Tourism post-COVID 19: Lessons learned, out-of-box strategies to ensure the revival
In the pre-COVID 19 period the tourism industry was seen with much hope throughout the world. However, the COVID 19 pandemic has completely paralysed the tourism industry and its dependent sectors. The tourism industry in the post-COVID 19 pandemic world will require a comprehensive approach and better coordination between national-level implementing agencies and international funding organizations.Ritika Joshi | Updated: 03-04-2020 00:02 IST | Created: 03-04-2020 00:01 IST
The outbreak of novel coronavirus (COVID-19) has impacted human life, first and foremost. Various businesses have been impacted too. Tourism is currently one of the most affected sectors. The major reason for its effect on the tourism sector could be the unique nature of the tourism industry itself. This particular economic activity with tremendous social impact is necessarily based on human to human interaction. The tourism industry serves as a perfect example where social and economic facets of employment-generating activity are so intertwined that any disturbance on socio-economic facet would spell disaster for the entire industry.
Tourism Industry at crossroads
Apart from central features of the tourism industry such as travel agencies, guides, hotels, and restaurants, there are a lot of peripheral activities that garner their livelihood from it; for example, cottage industries associated with textiles and local handicrafts. In India, a survey conducted by the World Travel & Tourism Council (WTTC) had predicted that investment in the travel and tourism sector would create 10 million jobs by 2028. Talking about the global scenario, the UNWTO report, published on January 20, 2020, states that, "1.5 billion international tourist arrivals were recorded in 2019, globally. This was an increase of four percent on the previous year which is also a forecast for 2020, confirming tourism as a leading and resilient economic sector, especially in view of current uncertainties".
However, the scenario has changed. As the outbreak of COVID-19 assumed pandemic proportion, UNWTO revised the expected growth rate of the global tourism industry. Zurab Pololikashvili, Secretary-General of UNWTO said, "the drop in tourist arrivals will lead to an estimated loss of $300-450 billion in international tourism receipts, almost one-third of the $1.5 trillion generated in 2019. Tourism is among the hardest hit of all economic sectors." In the pre-COVID 19 pandemic period, the body had predicted a positive growth rate of 3.0 to 4.0 percent for international tourism. This was revised to 1.0 to 3.0 percent negative growth rate in the first week of March that means a 4.0 to 7.0 percent decrease in the growth rate from the original prediction. In the wake of extended lockdown throughout the world, the recent estimates suggest the global tourism industry will plunge by 30 percent or more.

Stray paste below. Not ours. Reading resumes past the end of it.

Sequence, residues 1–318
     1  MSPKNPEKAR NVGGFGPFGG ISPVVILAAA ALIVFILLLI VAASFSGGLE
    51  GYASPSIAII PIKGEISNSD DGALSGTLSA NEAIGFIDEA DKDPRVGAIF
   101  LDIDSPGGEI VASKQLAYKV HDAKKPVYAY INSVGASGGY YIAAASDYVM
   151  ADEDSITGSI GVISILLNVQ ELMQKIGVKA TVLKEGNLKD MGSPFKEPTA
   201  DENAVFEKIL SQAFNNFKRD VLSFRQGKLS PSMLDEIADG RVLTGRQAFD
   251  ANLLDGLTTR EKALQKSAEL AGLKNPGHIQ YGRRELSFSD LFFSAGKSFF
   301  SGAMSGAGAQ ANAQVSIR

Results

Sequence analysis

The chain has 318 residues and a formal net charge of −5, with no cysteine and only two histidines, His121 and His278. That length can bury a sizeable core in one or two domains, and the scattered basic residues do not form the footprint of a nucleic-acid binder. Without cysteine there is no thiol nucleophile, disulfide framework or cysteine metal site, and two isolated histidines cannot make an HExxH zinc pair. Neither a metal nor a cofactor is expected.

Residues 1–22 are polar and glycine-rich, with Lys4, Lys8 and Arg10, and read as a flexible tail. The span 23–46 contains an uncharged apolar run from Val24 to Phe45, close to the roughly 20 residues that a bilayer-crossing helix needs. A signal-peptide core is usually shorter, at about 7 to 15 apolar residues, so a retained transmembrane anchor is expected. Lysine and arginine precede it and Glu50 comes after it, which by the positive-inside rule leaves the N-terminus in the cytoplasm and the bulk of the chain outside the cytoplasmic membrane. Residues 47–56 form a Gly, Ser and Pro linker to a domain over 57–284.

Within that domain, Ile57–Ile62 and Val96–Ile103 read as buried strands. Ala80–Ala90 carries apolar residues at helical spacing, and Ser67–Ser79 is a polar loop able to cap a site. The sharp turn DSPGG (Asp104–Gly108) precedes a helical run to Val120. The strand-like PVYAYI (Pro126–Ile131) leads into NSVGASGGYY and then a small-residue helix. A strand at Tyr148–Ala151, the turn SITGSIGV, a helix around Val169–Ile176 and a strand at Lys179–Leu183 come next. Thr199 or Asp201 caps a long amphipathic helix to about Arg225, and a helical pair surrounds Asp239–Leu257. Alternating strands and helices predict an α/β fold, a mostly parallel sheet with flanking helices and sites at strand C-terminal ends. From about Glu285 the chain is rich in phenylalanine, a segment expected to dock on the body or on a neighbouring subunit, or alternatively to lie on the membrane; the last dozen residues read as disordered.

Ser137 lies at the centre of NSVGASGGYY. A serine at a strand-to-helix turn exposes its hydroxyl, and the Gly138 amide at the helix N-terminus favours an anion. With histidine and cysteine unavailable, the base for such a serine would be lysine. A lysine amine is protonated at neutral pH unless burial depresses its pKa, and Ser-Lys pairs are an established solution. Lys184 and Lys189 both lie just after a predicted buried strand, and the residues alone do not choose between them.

Previous slowdowns and Crisis Management
Tourism Industry has always been vulnerable to socio-economic changes, for example, SARS, 9/11, and Tsunamis in Asia. Though confined in their respective regions, these incidents in the past had adversely impacted and caused heavy economic losses to the tourism industry. The sector is highly vulnerable and crisis management no longer can be ignored.
Dirk Glaesser in his book Crisis Management in the Tourism Industry (2006) writes, "The value of crisis management is manifold. On the one hand, it ensures the sustainable development of tourism and avoids unnecessary difficult situations. On the other hand, it allows destinations, which were so far excluded from this development because of structural, social, political and other problems, to participate in tourism. This is especially true for many developing nations that choose tourism development to alleviate poverty in their countries. In principle, this is a very promising approach as many of these countries have unique cultural and natural attractions, which are important for successful tourism development. However, it has to be taken into account that structural problems, which are also often found in these countries and have already existed for many years, cannot be easily eliminated. Thus, for countries that are potentially more exposed to negative events, professional and preventive crisis management is particularly necessary."
Successful crisis management techniques cannot be at the periphery but should occupy a pivotal role if the tourism industry wants resilient growth. It is important to bear in mind the role of the aviation industry, hotel industry, hospitality sector, transport, handicraft, supply chain management, health, and other related sectors. While the aviation sector bore immense losses, the public and private health sub-sectors are over-burdened and fatigued. Not only it requires effort at the global level but it must percolate from national to local levels.
This sector had borne the brunt of recession multiple times and various marketing techniques were deployed in the past to keep the industry afloat. Let us take the case of 'guarantees' by the service providers- Air China offered to their clients in 2003 the payment of compensation if they became infected by SARS on one of their flights. The company had reinsured this guarantee. The government of Thailand, in 2003, had offered every tourist a sum of $100,000, if s/he was infected by SARS during a stay in Thailand. This guarantee was also reinsured. The Sandal Hotels in the Caribbean offer to their clients the 'Blue Chip Hurricane Guarantee'. As per the guarantee, if the holiday was adversely affected by a hurricane, the guest would be provided free replacement vacation at any Sandals or Beaches Resort for the same duration. This insurance guarantee was regardless of how many days were affected. The use of guaranteed services is suitable for consumers in the orientation and travel decision phases.